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Apple’s daft lobbying pays off

by on03 May 2019

Health and safety

The fruity cargo cult Apple has managed to out-lobby moves to bring in a right to fix law in California.

The bill was pulled by its sponsor, Susan Talamantes-Eggman, because it became clear that the bill would not have the support it needed today, and manufacturers had sown enough doubt with vague and unbacked claims of privacy and security concerns.

Apple was at the forefront of trying to convince the politicians to forget about the law. Some of its “evidence” was so daft you would have to be stupid to believe it.

At one point Apple claimed it is saving users from hurting themselves by charging them lots of money to fix their broken gear.

An Apple lobbyist brought an iPhone to meetings with California lawmakers and said consumers could hurt themselves by puncturing a lithium-ion battery.

According to two sources in the California State Assembly, the lobbyists have met with members of the Privacy and Consumer Protection Committee, which is set to hold a hearing on the bill Tuesday afternoon. The lobbyists brought an iPhone to the meetings and showed lawmakers and their legislative aides the internal components of the phone..

Apple executive Lisa Jackson has also said the iPhone is “too complex” for normal people to repair them. Of course, Apple staff are abnormal and therefore they can fix them.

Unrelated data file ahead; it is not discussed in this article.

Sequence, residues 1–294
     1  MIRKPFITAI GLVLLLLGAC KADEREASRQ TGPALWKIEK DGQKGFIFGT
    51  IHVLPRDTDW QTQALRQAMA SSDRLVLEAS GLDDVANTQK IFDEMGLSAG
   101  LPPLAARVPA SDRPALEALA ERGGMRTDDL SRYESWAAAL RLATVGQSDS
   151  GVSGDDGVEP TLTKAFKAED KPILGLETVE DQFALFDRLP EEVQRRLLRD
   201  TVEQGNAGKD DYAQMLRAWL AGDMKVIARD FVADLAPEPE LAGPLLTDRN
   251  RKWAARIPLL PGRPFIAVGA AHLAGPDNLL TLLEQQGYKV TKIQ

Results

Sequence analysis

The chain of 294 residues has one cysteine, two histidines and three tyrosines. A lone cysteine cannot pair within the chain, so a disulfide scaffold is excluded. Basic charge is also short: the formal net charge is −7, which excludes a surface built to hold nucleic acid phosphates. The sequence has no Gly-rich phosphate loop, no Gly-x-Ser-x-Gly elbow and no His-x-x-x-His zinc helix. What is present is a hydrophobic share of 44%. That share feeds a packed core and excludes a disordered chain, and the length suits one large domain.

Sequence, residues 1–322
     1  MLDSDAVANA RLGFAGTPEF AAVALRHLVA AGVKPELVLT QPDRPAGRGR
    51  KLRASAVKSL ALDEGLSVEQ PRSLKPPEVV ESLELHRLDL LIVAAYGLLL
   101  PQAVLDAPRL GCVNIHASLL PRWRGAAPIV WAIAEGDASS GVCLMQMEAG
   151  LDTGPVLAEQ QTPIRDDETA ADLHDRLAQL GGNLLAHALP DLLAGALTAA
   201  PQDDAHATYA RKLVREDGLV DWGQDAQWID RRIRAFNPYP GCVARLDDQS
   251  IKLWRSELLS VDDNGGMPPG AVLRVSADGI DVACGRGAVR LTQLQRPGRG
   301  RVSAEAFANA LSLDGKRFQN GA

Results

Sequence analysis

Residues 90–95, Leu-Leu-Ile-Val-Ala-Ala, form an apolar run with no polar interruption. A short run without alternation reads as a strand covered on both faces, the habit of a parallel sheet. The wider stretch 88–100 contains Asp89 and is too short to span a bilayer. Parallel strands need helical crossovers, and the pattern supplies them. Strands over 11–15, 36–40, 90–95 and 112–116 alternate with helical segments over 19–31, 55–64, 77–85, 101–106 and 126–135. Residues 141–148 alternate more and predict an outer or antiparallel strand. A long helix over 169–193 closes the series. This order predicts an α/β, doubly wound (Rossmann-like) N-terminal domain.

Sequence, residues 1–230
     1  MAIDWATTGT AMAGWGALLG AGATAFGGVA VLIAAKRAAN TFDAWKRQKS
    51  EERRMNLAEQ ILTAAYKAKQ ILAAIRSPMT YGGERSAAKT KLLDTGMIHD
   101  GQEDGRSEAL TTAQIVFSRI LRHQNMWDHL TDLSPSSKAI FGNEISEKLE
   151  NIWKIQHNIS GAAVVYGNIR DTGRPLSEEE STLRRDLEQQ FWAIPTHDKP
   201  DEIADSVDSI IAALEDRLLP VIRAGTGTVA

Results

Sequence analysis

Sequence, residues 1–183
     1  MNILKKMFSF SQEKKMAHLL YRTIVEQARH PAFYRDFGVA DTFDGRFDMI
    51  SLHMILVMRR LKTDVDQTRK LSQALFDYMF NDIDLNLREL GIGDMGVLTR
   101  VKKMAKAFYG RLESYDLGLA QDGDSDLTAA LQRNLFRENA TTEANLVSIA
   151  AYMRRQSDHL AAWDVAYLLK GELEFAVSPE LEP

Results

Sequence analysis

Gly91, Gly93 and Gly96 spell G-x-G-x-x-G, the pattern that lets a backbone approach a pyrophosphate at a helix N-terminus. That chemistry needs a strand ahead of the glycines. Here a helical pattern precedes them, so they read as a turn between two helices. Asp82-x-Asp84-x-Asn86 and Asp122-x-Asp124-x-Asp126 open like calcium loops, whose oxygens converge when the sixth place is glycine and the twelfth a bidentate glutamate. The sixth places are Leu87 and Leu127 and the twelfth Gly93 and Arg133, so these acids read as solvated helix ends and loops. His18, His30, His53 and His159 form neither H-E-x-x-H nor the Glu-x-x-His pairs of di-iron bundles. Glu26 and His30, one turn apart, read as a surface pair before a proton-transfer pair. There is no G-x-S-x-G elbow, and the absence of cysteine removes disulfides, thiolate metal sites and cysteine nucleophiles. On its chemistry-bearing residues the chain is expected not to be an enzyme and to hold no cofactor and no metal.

Apple has a history of convincing US politicians about stupid things. In 2017, New York State records showed that the company hired a lobbyist to push against the issue there, and an Apple lobbyist in Nebraska told a lawmaker there that passing a right to repair bill would turn the state into a “Mecca for bad actors”, criminals, and hackers.

Rather than lobbying on its own behalf, Apple relies on CompTIA, an organisation funded by tech companies to testify against the legislation at hearings and meet with lawmakers.

Another excuse which was used was that with access to proprietary guides and tools, hackers could more easily circumvent security protections, harming not only the product owner but also everyone who shares their network.

“When an electronic product breaks, consumers have a variety of repair options, including using an OEM’s [original equipment manufacturer] authorised repair network.”

But hang on. People with no specialised training regularly replace the batteries or cracked screens in their iPhones, and there are thousands of small, independent repair companies that regularly fix phones without incident.


Last modified on 03 May 2019
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